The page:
The Porter County Council started this year’s budget hearings on an upbeat
note for county employees during Monday’s first reading, saying they will be
looking for possibilities to dish out a few raises.
The council for the last two years has virtually frozen salaries partly due
to recession. Adding to the fiscal conservancy, the council earlier this
year sent a letter to the county departments asking for them to submit
budgets with the same figures approved for 2010.
Council president Dan Whitten, D-at large, said a little more money has come
in this year and that raises would be one of his priorities during the
budget sessions. He said his reasons for the change in tune this year is to
reward the employees who have helped clamp down on the budget and to set
salaries that would maintain the highest caliber of employees.
Whitten said the council will need to discuss how it will “prioritize” which
departments or employees deserve raises and whether the raises will be by
percentage based on employee salaries or a flat increase across the board.
Whitten said he favors percentage raises while fellow council member Rita
Stevenson, D-2nd, said she would be in favor of flat raises over percentage,
feeling it is not fair to give a larger pay increase to those with heftier
Fellow council member Sylvia Graham, D-at large, said the council will have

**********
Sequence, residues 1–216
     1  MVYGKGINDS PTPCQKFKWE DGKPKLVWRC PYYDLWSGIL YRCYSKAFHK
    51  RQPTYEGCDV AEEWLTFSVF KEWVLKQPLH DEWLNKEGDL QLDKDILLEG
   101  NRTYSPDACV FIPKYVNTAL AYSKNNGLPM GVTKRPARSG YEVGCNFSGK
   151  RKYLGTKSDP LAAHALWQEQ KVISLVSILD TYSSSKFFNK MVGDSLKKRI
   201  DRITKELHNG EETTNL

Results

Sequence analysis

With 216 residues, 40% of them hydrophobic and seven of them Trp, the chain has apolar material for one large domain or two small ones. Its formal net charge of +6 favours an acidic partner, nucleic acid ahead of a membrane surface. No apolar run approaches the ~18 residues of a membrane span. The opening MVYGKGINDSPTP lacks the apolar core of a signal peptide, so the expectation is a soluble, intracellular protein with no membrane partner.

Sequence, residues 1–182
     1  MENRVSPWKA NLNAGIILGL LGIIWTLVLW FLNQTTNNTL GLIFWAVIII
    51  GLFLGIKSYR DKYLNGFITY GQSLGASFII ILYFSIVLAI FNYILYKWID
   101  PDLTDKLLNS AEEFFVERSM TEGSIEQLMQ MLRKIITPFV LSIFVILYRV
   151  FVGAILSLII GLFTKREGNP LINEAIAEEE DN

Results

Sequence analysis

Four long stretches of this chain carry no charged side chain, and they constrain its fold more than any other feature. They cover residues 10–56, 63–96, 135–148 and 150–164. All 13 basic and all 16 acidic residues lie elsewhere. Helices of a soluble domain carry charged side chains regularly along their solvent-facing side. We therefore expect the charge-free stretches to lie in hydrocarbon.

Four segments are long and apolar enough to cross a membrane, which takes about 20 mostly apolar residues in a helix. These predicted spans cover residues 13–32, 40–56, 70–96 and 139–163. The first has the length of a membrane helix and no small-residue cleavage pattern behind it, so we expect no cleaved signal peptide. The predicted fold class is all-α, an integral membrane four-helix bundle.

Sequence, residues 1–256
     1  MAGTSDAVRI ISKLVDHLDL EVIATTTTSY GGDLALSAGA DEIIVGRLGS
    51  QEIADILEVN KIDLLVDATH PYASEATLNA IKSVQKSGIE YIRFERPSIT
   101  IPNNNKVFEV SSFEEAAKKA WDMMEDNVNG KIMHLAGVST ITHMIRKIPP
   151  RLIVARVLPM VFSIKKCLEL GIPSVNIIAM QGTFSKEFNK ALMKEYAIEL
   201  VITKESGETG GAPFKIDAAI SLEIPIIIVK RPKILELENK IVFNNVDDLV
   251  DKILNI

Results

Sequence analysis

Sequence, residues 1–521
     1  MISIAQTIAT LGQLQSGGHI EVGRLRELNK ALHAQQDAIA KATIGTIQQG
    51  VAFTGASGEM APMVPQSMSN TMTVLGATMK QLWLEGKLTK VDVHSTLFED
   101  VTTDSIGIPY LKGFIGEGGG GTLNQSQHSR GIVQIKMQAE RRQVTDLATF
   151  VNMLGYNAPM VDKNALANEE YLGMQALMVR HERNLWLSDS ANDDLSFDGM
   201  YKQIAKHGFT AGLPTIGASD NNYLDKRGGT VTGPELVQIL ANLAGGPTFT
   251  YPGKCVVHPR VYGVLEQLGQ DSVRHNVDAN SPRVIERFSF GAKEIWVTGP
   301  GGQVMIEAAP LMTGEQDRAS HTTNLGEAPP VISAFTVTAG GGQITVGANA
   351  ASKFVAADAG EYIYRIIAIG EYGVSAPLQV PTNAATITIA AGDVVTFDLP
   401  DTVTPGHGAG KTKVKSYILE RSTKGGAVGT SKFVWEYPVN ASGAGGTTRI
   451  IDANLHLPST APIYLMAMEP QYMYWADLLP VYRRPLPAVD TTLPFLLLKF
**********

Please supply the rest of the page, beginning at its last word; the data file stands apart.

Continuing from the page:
to see how much will be left over for raises by utilizing a “countdown.” The
countdown method keeps track of the growth increase in taxes as the council
moves the budgets one-by-one and adds up available funds.
Whitten said he is also going to be looking more closely at the funds for
the sheriff’s police as one of the other thing to prioritize in the budget
hearing sessions. He said the reimbursements for holding state and federal
prisoners may be decreasing.
Porter County Auditor James Kopp read aloud the budgeted figures submitted
by each department. The grand total for the county’s General Fund -- the
fund made up of property tax dollars – is estimated at $40,651,797, up from
last year’s approved $32.9 million.
All seven council members cast their votes in approval of the first reading
of the 2011 county budget.
Even though Whitten spoke of granting raises, he plans to exercise
frugality. “We’re going to keep our belts as tight as we can for the
taxpayers,” said Whitten.
A second purpose of the meeting was to give the public a chance to comment
on the budgets. Only one individual addressed the council, former Porter
County Councilper-son Ruth Ann McWhorter, who asked if the council was this
year going to revisit the notion of cutting out venue funding from the
Porter County Convention, Recreation and Visitors Commission budget.
Last year the council was asked by the tourism commission to shift the
$89,100 in monies for the county Expo Center, the Porter County Parks
Department, the Memorial Opera House, and the Porter County Old Jail Museum
and have the money be used for the PCCRVC’s grant program and Web site
The council threw out the proposal last year and told McWhorter they would
not be cutting venue funds this year. “We’re not going to do that,” Whitten
The public hearing will be closed for the remainder of the budget work.
The council will meet at 5:30 p.m. on Thursday looking at budgets for the
health department, the election board, the sheriff’s police, and the County
Further dates include Sept. 27, Sept. 29, Oct. 4, Oct. 7 and a final reading
scheduled for Oct. 18.